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Re: opal (a little relevant, a little eccentric)

If anyone who knows more geology than me (and most of you do) has any 
comments or corrections relating to what I'm about to say, please reply 
(either to me or the list, depending on how interesting you think you are :-)

Paul Willis confided:

>I've also thought about having my remains left somewhere where they will
>end up fossilised (although i hadn't thought of the extravagance of
>opalisation). I figures the sure-fire way to do it would be to have my
>carcass skeletonised by domestids then the skeleton encased in concrete...

That should work in Australia in the short term, provided your vault gets 
buried rather than eroded.  (If your grave ends up very arid, the sand 
might do either.)  But it would be no good here, where ice ages are an 
everyday annoyance.  (I didn't say they happened every day, just they 
annoy every day.)  Anything buried on land, unless sunk deep into the 
bedrock, will be dug up and probably ground up by glaciers in a few tens 
of thousands of years.

Rivers are also inadvisable: where they're depositing today they may be 
eroding in a few millennia.  In any case they are not glacier-proof.  I 
believe high-latitude lakes, even the Great ones, are also subject to 
too much glacial disturbance.  

So that leaves the sea.  Fortunately, the seabed nearly everywhere is a 
site of deposition, and will continue to be unless exposed by regression.  
You just have to make sure you don't get subducted and destroyed.  For 
oceans, this requires a prediction of future tectonics.

Luckily I live near some seas on a continental plate.  If I am sunk in 
the North Sea I can be reasonably sure of getting fossilised, and if that 
works I am virtually guaranteed to get exposed sometime in the distant 

>with a suitable plaque on the outside allerting palaeontologists of the
>future to the find. I would also include a random set of bits and pieces 
>... just to confuse the hyper intelligent cockroach that digs me up.

I thought about caskets and belongings, but decided the only responsible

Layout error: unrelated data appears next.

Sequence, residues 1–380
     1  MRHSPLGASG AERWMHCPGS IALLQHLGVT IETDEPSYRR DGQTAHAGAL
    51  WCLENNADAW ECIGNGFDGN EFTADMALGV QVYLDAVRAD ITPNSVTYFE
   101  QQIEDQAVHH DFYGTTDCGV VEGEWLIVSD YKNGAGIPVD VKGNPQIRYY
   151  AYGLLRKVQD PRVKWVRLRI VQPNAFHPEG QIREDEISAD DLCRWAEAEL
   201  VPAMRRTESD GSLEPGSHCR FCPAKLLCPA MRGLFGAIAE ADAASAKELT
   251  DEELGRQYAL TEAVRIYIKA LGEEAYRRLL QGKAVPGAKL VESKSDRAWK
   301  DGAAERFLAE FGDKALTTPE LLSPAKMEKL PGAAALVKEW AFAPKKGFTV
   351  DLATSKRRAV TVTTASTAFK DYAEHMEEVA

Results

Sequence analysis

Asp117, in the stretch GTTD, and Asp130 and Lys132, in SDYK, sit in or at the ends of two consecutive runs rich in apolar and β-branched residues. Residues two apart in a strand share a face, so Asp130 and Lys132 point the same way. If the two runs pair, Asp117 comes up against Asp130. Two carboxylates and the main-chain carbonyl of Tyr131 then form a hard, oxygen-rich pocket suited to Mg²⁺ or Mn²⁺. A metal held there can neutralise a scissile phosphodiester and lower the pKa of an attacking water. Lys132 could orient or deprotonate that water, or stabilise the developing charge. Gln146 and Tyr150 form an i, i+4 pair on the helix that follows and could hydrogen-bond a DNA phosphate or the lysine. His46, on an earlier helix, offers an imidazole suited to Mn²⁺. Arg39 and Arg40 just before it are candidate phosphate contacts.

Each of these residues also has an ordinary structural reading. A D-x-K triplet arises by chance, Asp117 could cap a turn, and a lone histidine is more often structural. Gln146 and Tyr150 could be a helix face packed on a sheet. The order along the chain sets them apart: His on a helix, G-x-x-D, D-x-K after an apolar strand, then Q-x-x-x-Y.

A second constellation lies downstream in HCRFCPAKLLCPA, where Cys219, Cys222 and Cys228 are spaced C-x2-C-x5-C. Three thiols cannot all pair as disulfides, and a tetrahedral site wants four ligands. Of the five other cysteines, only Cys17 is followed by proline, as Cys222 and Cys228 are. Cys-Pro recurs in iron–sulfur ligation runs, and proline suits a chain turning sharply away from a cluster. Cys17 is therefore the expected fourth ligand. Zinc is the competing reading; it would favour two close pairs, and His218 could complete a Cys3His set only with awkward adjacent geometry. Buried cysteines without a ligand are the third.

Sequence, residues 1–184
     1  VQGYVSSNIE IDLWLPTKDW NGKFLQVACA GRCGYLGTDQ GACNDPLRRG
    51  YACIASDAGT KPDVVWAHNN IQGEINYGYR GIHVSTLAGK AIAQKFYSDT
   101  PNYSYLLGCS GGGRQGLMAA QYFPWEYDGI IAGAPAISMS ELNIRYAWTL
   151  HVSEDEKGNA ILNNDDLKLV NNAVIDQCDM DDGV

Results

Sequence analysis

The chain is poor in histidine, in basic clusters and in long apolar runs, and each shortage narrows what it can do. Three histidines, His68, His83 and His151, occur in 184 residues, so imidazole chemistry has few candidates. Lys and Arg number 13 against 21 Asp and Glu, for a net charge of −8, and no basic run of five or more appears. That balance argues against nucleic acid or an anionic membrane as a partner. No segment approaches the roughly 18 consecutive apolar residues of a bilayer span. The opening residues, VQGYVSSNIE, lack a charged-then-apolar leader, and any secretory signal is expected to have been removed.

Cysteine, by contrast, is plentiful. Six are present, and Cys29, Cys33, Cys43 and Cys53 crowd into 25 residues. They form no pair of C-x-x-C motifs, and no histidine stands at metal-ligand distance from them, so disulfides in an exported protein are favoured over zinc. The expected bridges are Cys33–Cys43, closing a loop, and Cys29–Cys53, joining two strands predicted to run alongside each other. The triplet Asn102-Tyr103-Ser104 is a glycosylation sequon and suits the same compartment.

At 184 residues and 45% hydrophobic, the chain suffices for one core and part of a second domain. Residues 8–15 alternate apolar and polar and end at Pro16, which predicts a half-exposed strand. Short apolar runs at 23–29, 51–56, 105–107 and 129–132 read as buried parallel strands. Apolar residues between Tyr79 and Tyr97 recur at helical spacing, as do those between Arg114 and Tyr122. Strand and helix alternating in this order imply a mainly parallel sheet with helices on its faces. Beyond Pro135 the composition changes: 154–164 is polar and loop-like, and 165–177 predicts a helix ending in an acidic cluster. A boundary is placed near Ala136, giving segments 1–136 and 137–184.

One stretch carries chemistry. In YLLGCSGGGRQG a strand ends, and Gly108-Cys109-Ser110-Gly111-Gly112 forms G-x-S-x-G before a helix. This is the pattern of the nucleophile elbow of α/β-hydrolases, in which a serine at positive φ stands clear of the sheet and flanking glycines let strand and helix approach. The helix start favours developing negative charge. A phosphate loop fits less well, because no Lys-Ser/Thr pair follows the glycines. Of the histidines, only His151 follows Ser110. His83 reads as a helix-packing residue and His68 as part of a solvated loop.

course was to include no durable manufactured items at all, apart from 
dental work.  I would like a biodegradable coffin with holes in - these 
will allow small animals in to skeletonise me quickly for early burial, but 
not big ones which would disarticulate or remove bones.

Palaeontologists in the distant future will probably realise that something 
odd happened around now.  Although nearly everything will be destroyed over 
time, there are sure to be numerous aretfacts preserved as fossils, and they 
will realise that something developed civilisations.

I think it goes against the whole spirit of science to give the game away 
by revealing which species it was.  Let them work it out for themselves.  
If fossils are shown to be clues left by the ancient ones to enlighten 
scholars, or worse still to mislead the faithless, then they're all going 
to become creationists.

Even worse, they will probably become very angry at the creatures which 
exterminated such a large percentage of the world's land vertebrates (they 
will probably assume that other land animals fared as badly), stole most of 
its fossil fuels and perhaps caused climatic disasters.  If our descendants 
or other primates are still alive, it will go very badly for them if we can 
be identified as the culprits.  

Perhaps we should try to pin it on someone else.  Dolphins, maybe.

And if opalisation isn't understood, can anyone recommend any fancy 
processes which can be arranged?

                                        Live long & prosper,